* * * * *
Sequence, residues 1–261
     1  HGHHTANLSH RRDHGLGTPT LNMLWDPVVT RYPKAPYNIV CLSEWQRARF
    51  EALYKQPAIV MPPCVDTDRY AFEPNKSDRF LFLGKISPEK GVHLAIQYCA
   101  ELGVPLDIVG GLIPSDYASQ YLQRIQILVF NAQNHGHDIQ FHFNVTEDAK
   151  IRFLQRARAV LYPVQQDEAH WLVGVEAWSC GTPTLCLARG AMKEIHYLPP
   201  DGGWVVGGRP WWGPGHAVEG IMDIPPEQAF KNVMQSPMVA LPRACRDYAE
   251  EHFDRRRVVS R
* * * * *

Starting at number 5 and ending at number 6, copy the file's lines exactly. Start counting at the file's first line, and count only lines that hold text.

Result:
   151  IRFLQRARAV LYPVQQDEAH WLVGVEAWSC GTPTLCLARG AMKEIHYLPP
   201  DGGWVVGGRP WWGPGHAVEG IMDIPPEQAF KNVMQSPMVA LPRACRDYAE